The DOL filed an interesting brief. As the DOL explains, where a plan term requires a participant to reimburse the plan, a suit seeking to enforce that provision seeks “appropriate equitable relief” under Section 502(a)(3) because it is analogous to a suit in equity to enforce an equitable lien by agreement. The DOL explained that the provision is equitable to participants and beneficiaries as a class because it reduces plan expenses, and was equitable to McCutchen in particular because the reimbursement was part of a quid pro quo for his immediate receipt of plan benefits, even though a third party was responsible for his injuries. (In other words, US Airways was not recovering a “windfall” for itself, it was exercising its fiduciary duty to collect on behalf of the other plan participants and beneficiaries. Further, ERISA did not require the plan to agree to cover any of these expenses, or to cover all of his health care expenses.) McCutchen claimed that he and his wife suffered at least $1 million in damages for many things, including, embarrassment and humiliation. The DOL explains that pro rata apportionment would allow for manipulation of amounts in various categories, which could prove costly and complex to adjudicate.
The DOL notes that McCutchen originally made another equitable contention, under which US Airways was not entitled to any recovery, because his settlement was inadequate to make him whole. McCutchen abandoned that claim, but the DOL notes that such a contention would fail in any event, for the same reason that his request for a pro rata reduction fails.
The DOL next turned to the question of attorneys’ fees and costs, and whether the plan was required to share a portion of those amounts. In a 2003 case, the DOL had argued that if the plan terms expressly disclaimed responsibility for attorneys’ fees and costs, courts should enforce the plan terms and should not apply the common-fund doctrine. In other words, the plan should not pay a proportionate share. Now, the DOL reverses its position and argues that the common-fund doctrine is applicable to reimbursement suits under Section 502(a)(3). This brings us back to the issue the DOL raised about opportunities for manipulation. Further, the DOL points out that the district court would have to determine whether the fees were reasonable. So, absent filing suit and incurring those costs, how would a plan administrator quantify the recovery demand? This brings us back to the point about ERISA limiting administrative costs and legal expenses.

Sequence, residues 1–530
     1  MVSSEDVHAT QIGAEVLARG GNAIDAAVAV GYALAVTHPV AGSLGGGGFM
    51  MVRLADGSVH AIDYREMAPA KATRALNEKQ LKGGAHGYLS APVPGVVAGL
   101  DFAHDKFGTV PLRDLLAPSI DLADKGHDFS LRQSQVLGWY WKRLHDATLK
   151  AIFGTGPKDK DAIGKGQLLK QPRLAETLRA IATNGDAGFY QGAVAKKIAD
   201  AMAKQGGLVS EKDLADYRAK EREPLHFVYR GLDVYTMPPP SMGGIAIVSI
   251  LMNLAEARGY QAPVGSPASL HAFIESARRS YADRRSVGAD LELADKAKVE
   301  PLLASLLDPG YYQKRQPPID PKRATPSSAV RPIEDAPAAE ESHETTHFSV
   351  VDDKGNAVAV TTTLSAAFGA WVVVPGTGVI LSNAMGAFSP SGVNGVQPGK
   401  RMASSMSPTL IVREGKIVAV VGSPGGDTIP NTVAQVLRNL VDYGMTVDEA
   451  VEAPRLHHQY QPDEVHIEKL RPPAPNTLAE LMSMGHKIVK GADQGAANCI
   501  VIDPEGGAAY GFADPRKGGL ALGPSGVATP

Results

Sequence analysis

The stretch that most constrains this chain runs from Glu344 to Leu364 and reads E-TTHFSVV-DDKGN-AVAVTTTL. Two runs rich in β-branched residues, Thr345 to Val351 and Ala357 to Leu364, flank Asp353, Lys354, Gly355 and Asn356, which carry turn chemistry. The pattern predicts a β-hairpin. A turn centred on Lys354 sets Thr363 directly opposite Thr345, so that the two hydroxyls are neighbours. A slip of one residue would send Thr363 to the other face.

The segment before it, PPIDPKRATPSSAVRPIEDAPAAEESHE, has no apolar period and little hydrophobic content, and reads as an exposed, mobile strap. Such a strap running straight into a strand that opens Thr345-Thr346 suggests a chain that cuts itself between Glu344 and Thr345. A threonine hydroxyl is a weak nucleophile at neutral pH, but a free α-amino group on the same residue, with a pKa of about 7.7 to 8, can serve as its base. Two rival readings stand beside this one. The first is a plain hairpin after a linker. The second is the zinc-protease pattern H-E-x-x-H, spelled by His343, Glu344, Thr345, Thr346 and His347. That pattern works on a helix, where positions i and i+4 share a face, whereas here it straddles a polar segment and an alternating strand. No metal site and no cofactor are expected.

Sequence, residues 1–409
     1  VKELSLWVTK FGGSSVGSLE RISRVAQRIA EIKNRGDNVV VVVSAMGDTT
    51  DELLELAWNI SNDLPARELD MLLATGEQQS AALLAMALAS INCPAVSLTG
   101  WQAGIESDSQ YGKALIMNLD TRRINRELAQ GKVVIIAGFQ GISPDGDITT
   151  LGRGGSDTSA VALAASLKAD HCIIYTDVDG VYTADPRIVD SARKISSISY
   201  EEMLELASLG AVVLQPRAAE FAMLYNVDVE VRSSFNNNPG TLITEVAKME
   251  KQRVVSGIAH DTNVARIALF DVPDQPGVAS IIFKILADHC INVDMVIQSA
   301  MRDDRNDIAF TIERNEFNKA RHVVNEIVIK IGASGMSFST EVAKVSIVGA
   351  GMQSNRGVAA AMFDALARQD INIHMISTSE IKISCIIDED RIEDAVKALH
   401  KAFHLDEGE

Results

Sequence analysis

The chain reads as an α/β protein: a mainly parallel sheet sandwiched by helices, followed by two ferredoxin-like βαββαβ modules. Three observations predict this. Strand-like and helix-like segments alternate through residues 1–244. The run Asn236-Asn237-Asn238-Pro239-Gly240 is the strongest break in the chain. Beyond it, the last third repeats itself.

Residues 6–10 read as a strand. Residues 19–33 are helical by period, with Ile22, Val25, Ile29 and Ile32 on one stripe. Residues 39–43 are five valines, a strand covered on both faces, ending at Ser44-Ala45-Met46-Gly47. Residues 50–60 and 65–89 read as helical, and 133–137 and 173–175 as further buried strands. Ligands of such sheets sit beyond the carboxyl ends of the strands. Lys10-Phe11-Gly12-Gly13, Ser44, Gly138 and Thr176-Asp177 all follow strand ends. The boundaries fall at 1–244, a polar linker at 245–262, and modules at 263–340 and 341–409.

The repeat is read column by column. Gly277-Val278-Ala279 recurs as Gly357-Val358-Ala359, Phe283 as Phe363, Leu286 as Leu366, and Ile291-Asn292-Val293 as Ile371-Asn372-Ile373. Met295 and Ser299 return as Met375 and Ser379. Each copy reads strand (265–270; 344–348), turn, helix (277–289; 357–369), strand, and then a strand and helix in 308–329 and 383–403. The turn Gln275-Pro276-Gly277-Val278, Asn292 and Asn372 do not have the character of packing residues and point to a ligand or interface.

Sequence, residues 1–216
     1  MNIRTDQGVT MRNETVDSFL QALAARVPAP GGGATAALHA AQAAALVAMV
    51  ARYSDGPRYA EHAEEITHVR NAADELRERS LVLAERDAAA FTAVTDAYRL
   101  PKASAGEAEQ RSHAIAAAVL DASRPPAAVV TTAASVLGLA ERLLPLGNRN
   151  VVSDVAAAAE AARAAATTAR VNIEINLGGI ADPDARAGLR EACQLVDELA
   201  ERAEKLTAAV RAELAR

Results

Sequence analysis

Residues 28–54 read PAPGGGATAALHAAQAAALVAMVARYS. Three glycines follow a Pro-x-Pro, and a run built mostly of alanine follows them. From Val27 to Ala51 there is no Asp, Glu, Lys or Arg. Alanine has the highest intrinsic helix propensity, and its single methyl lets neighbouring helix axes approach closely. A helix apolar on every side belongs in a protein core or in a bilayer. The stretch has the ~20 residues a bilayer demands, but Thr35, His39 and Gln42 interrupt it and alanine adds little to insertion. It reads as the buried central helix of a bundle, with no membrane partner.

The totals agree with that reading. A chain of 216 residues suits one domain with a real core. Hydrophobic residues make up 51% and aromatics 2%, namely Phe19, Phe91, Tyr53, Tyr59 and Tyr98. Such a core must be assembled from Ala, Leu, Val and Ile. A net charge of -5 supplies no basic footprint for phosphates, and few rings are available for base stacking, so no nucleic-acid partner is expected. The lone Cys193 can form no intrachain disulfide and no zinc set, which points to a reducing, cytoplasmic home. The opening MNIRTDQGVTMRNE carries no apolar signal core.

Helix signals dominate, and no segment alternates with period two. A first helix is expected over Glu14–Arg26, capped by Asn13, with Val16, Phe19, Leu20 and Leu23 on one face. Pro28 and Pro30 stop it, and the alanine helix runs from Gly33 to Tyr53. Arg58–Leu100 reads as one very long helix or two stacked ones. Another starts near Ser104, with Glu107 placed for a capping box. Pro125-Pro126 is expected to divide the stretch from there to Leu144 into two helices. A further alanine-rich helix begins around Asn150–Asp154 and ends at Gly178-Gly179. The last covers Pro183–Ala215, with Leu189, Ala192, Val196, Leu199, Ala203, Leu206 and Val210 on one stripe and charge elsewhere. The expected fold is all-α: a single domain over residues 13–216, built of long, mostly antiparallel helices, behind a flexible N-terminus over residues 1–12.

This common-fund argument seems to be a stretch based on the unique facts of this case, which make it appear that the fiduciary is unfairly taking $866 out of the plaintiff’s pocket. To the contrary, the plaintiff agreed to the terms of the two arrangements that caused this $866 shortage: an arrangement with legal counsel, and a settlement agreement. If you were the victim of a car accident, would you agree to a settlement that required you to pay out of pocket? Of course not, unless perhaps you were gambling $866 and refusing to repay what you recovered in the hopes that the plan fiduciary would let you keep the entire $66,866 the plan says you owe to the other participants and beneficiaries….
A participant who is involved in a traumatic event caused by a third-party may incur significant health care expenses, lost wages, pain and suffering, etc. A plan feature that assures the participant that he will be treated as insured in the moment of crisis, and that the plan will provide for the immediate payment of some of these expenses, regardless of whether there will be any recovery from the third party for any damages, is a valuable feature. This feature itself is a gamble that the plan will ultimately recover, and recovery rates determine the ultimate cost of the feature. If the U.S. Airways decision allows participants to thwart the recovery mechanism that keeps this plan design feature viable, employers will have to decide what to do with the increased cost: eliminate the feature, reduce benefits, increase premiums, etc. Stay tuned.